Tuesday, February 03, 2009

In the comments, there are calls for the follow up to what I called the most boring post ever. Here is one of the comments:

How about something less prurient and more generally worth noting: the 11th Circuit in an en banc opinion overruled its prior decision in United States v. Brown, 79 F.3d 1550 (11th Cir. 1996), finding that the district court did not err in using the pattern jury instruction for mail fraud, that is, not limiting the mail fraud statute to schemes that would deceive only prudent persons. No matter what your particular persuasion -- prosecutor, defense lawyer, judge, or even criminal -- this is an important decision in white-collar cases. http://www.ca11.uscourts.gov/opinions/ops/200513809op2.pdf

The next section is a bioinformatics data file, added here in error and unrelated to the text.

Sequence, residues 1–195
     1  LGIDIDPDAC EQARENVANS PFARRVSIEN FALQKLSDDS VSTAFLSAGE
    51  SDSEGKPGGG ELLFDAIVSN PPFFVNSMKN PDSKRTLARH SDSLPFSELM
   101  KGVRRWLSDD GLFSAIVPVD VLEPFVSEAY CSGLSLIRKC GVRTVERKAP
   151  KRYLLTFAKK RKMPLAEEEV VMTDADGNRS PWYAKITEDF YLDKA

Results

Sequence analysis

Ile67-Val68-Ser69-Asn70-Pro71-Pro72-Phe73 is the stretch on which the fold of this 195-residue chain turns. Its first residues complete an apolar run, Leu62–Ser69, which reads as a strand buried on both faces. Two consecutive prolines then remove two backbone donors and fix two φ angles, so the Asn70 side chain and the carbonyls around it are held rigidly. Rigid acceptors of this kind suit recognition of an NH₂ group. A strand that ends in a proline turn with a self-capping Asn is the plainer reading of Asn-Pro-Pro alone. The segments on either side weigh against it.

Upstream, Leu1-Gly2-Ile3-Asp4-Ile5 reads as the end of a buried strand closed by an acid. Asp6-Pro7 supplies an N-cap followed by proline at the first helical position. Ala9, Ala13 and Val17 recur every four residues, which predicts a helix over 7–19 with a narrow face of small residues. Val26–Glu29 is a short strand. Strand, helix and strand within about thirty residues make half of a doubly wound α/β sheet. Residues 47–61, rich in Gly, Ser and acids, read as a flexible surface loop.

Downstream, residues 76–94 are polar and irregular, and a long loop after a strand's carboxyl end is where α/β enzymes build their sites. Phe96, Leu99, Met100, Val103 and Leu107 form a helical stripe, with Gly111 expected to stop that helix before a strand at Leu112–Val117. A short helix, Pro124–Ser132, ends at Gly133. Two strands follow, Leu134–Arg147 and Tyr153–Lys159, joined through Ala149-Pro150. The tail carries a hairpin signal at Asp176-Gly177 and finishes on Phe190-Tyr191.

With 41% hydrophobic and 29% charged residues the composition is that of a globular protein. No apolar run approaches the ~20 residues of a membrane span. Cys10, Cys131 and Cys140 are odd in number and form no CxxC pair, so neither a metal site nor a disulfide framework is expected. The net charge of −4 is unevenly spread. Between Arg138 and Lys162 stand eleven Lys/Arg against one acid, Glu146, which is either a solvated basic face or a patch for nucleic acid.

Well, there you have it.


Ed Williams said...

Boring my ass. One must not overlook the dubitante comment by Judge Birch. Not bad for a small town Georgia boy who didn't attend H.

Anonymous said...

What is really interesting and sad about that opinion is that if it involved a civil plaintiff suing a major insurance company, the same court would not have allowed it because of the integration clause in the contract and other language re reliance. Forget if it was a class action, that would never have been allowed. Yet now, people can be deprived of liberty for based upon the entire schemes amount and sentenced on that figure. At least be consistent.

Peter G said...

As Svete's counsel on appeal, I have to agree with your commenters, and not with you, David. The issue in this case is very interesting. Hopefully the Supremes will find it so next year, and will vindicate the original intent of the 1872 Congress which enacted the mail fraud law. The way to rewrite criminal statutes is by legislative action, not by imposing the policy preferences of contemporary jurists.